Kadi and Alkhayat (2015) discuss many other factors that contribute to late errors in the localization process, such as network density, uncertainty about anchor locations, and density. The placement of anchor nodes in a coalition is an essential prerequisite for accuracy in the sensor nodes’ localization process. Thimmaiah and Mahadevan (2017) clarified that this accuracy is necessary in military, mining, and industrial applications. For example, knowing the exact position of an intruder that is considered the target node is crucial in military operations. They also described a relationship between the transmission failure probability (Marcum’s function value) and the standard deviation of the localization error. The localization error also impacts geographic routing. A comprehensive perspective on the effect of localization errors is given by taking into account the quality of service parameters. Sachidananda et al. (2010) determined that a low probability of transmission failure improves the quality of the information in terms of reliability and timeliness. The novelty in this study is considering the potential fit in the initial view based on the geometry factor of the previous initial experiment. In localization, the game theory algorithm is used to refine the anchor nodes in the coalition. Determining the number of anchor nodes and their placement greatly affects the localization performance. In a network with many sensors and extensive scalability, choosing anchor nodes has its own strategy. That strategy can be considered the game’s rules in game theory, while the sensor node can be considered a player. Earnings in the game can be considered to be the probability of a node becoming an anchor node.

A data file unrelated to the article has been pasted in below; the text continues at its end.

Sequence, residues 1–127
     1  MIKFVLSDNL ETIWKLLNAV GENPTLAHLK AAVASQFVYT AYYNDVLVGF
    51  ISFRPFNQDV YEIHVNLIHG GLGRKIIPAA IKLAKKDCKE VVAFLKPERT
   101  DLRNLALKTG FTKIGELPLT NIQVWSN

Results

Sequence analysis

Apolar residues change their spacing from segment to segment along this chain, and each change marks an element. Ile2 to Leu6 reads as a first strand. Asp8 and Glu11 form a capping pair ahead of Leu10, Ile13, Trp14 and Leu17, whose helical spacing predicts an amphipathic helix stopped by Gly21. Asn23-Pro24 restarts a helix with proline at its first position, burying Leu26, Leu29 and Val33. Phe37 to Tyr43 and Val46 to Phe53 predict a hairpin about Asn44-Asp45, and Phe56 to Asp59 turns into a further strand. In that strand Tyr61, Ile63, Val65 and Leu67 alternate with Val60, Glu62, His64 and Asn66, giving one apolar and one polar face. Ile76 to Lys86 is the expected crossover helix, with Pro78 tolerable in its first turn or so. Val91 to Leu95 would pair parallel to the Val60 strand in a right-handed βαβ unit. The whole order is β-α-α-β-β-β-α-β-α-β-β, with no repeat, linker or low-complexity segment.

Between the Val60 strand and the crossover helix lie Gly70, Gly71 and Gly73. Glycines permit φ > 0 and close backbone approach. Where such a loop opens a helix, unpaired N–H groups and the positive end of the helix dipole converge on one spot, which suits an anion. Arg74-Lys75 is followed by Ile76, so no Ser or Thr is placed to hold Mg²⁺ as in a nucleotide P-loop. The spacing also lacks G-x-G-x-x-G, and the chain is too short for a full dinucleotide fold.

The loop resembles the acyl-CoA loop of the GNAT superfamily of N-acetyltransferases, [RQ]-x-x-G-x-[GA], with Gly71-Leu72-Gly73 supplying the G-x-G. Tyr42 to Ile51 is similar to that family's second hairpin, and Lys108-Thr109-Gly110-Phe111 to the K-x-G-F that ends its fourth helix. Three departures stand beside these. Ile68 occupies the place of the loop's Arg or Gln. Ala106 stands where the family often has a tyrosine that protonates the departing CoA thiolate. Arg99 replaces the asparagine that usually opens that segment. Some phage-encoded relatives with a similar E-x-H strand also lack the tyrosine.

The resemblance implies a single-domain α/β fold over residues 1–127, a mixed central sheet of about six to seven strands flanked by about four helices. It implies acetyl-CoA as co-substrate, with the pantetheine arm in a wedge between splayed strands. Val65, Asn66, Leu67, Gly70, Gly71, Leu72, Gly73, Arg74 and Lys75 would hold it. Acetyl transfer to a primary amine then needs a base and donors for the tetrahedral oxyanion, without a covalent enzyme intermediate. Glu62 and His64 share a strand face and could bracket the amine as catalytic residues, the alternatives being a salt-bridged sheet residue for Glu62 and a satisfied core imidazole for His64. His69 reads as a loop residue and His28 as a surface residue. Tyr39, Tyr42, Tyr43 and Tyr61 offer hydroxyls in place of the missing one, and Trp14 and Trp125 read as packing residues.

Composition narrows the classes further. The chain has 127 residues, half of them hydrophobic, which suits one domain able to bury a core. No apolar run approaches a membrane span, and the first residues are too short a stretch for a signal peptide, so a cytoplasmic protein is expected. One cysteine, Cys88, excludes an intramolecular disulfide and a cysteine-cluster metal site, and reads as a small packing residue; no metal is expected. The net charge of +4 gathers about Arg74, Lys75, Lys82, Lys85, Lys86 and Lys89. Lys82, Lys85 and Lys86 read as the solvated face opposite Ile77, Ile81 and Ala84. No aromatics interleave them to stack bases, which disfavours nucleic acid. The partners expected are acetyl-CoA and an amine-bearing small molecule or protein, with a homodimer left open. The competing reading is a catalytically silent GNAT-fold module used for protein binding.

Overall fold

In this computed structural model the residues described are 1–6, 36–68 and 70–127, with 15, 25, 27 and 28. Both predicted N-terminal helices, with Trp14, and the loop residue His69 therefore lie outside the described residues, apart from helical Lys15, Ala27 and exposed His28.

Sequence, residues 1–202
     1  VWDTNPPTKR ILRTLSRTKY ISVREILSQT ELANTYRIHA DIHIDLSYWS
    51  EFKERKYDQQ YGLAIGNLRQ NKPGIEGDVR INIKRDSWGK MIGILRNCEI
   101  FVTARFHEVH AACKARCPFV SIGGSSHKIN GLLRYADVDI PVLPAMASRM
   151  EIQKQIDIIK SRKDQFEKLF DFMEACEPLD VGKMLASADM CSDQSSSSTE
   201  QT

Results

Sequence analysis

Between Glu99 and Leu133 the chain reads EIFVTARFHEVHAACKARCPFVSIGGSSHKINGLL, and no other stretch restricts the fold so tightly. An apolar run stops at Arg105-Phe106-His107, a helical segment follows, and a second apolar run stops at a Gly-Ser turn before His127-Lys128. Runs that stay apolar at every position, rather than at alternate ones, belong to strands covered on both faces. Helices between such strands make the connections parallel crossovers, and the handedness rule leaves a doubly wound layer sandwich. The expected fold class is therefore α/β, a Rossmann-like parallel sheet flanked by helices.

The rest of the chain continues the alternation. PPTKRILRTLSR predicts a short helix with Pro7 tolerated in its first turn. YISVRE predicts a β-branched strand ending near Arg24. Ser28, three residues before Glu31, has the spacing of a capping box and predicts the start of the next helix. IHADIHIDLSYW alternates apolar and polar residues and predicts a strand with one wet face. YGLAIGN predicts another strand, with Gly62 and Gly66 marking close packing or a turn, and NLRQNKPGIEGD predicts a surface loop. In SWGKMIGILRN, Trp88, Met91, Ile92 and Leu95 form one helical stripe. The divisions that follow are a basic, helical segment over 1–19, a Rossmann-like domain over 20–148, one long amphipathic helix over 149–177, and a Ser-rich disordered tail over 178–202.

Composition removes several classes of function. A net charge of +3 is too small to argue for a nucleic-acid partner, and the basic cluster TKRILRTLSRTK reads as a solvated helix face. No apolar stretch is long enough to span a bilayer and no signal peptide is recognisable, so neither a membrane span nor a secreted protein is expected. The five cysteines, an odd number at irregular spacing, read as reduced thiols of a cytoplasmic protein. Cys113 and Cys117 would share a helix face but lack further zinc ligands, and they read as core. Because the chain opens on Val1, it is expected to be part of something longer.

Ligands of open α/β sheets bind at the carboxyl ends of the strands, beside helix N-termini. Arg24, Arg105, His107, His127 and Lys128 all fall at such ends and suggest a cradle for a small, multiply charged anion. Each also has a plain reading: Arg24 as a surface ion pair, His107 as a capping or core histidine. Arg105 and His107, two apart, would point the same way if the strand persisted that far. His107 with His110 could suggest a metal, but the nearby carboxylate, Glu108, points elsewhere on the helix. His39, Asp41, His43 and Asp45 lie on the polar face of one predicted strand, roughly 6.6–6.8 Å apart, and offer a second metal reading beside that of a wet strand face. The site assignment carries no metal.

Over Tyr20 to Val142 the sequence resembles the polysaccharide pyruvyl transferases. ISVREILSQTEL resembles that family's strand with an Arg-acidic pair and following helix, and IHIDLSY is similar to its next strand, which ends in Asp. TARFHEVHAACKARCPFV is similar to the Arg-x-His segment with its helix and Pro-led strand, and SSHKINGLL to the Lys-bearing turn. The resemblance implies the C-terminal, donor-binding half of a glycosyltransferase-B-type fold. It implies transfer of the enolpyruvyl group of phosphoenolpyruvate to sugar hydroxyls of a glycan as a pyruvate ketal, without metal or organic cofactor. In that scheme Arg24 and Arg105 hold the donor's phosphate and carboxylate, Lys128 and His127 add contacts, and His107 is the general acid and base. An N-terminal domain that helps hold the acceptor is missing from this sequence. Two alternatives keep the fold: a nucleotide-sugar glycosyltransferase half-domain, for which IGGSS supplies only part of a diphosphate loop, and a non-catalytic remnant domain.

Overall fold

The problem’s background, according to Hadzic et al. (2013), is that many people assume good localization results will occur in a dense sensor network with many anchor nodes. However, the use of enormous power for transmitting and processing all information does not guarantee good localization performance. Hadzic et al. (2013) found that not all anchor nodes provide reliable measurements, but the geometry of a selected reference node has been shown to have a significant impact on localization accuracy. They overcame this problem by assuming that the target node has several anchor nodes nearby, taking a different view. They then used the Cramer–Rao lower bound (CRLB) to capture information about node geometry and ranging quality, such as the quality of distance estimates obtained from noisy measurements received. They model the localization process as a cooperative game and formulate the appropriate utility function, defining node selection optimization as a process that maximizes accuracy. To find anchor nodes they use utility functions. Our study used several strategies to conduct a series of performance evaluations of the localization with various anchor nodes, placing the anchor node near the target node. The first strategy was determining the coalition formed with a minimum of three nodes. If the number of anchor node coalitions was less than three, the quality of the coalition was zero. The utility function in our study was obtained by calculating the amount of energy used for communication and computing, along with the anchor node suitability factor, which was first calculated using the Nash equilibrium approach. The second strategy was to use the utility function as a weighted factor to obtain a target node’s signal range value that was closer to the actual condition. By knowing the radius of the target node, it was possible to estimate the area where the prospective anchor node was located. The third strategy was the geometric method of placing anchor nodes around the target node. Three conditions affect the magnitude of error during localization: whether the topology is in the form of a right triangle, an acute triangle, or an obtuse triangle. In this case, the anchor node topology is not collinear. The concept of a non-collinear anchor node topology was also raised by Sun et al. (2018), who proposed an error control mechanism based on anchor geometric features to determine the nodes that participate in the localization and to estimate the localization confidence.